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Training pyramid: go from level 1 to 4.

I want to get away from the main topic this week and talk about training in general. Over the years, I've made many observations about who does best in their training versus who doesn't. I've recently been thinking about these characteristics and how to foster general habits that can help people succeed early on in their training journey. I've come up with a training pyramid of sorts that I'd like to share with you. I hope you'll find it useful for your own goals and aspirations.

Level 1

For reference, a level 0 would be someone who does absolutely no physical activity.

A Level 1 fitness enthusiast is someone who has committed to exercise after a long period of inactivity.

However, this person is a little erratic in their fitness efforts and can easily get distracted by vacations, illness, stress at work or anything else that might prevent them from following a routine. Someone at Level 1 generally makes no effort to improve their nutritional or recovery habits.

Although it may seem that a Level 1 practitioner is not very successful, this is not the case.

Going from level 0 to level 1 is a huge step. I'd even go so far as to say it's the most difficult step in the whole pyramid. While there's clearly room for improvement, someone at Level 1 can make very positive progress in terms of health and fitness simply by engaging in regular activity.

Level 2

Personally, I find that many people never reach Level 2, which is a pity because it requires less commitment than going from Level 0 to Level 1.

Someone at level 2 is much more regular in their training, doing sessions at least twice a week, if not more, for months or even years.

At this level, people have started keeping up with their training and can see measurable progress in basic exercises like the back squat, deadlift, clean and snatch. They're also making efforts to improve their technique.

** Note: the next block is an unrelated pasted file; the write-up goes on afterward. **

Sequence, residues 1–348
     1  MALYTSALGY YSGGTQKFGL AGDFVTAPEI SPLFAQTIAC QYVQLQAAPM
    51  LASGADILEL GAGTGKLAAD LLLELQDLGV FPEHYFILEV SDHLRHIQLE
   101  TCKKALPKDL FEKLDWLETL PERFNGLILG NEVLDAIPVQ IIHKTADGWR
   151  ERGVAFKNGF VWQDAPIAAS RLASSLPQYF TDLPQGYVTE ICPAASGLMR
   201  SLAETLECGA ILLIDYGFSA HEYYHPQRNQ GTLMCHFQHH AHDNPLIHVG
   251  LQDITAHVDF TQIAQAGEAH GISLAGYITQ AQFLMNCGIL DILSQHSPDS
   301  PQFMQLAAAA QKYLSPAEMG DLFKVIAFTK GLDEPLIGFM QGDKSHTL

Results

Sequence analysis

At Level 2, some emphasis is placed on nutrition and efforts are made to eat healthier than before, generally focusing on whole foods, fruits, grains and vegetables, while avoiding too much sugar, alcohol or junk food.

Level 3

As with moving from Level 1 to Level 2, moving to Level 3 does not require a huge commitment. However, it does lead to significantly better results in terms of fitness and physical appearance.

The main characteristic of someone at level 3 is that they are extremely regular in their training. Even when life gets tough outside the gym (which happens to everyone), this person continues to train.

Someone at level 3 doesn't need to train 7 days a week, but should train consistently for 3 to 4 days a week, month after month and year after year. This person also has a good command of technique in all movements (although of course he or she may still have some weaknesses).

In addition, at this level, much greater importance is attached to nutrition and recovery. People at this level prioritize protein intake and have an idea of how many calories they consume per day in relation to their needs.

At Level 3, a concerted effort is also made to correct weak points and work on individual objectives, outside a group program.

Level 4

The difference between levels 3 and 4 is also quite small. I'd say it lies in an overall commitment to fitness. This means taking a longer-term approach, setting goals over the next 6 to 12 months and working to an overall plan.

Typically, at this level, there is very little ego involved in training. Someone at this stage understands that there are times to train intensely and times to slow down, usually dictated by life events or injuries.

It's important to stress here that consistency is an absolute foundation for anyone at this level. Like any skill (including physical fitness), mastery requires years of dedication.

Otherwise, we find the same characteristics as in level 3, but with greater rigour and more attention paid to nutrition and recovery.

It's important to note that these levels are totally independent of talent. I see many people with exceptional talent who never reach level 1. I also see others who are at level 3 but will never be as strong or as fit as a talented level 1 athlete. It's not about being the fittest or the strongest, but about making as much progress as possible in relation to your own ability.

Please also note that these levels are arbitrary and that I created them. They are not intended to rank people or give a grade. Rather, the aim is to give ideas on how you can improve your own results by changing your habits.

Ultimately, the take-home message is that it probably takes less effort than you think to get closer to your fitness and/or body composition goals. It's usually not about training harder or putting more weight on the bar, but about being more regular, taking a longer-term approach and developing habits outside the gym that support your training.

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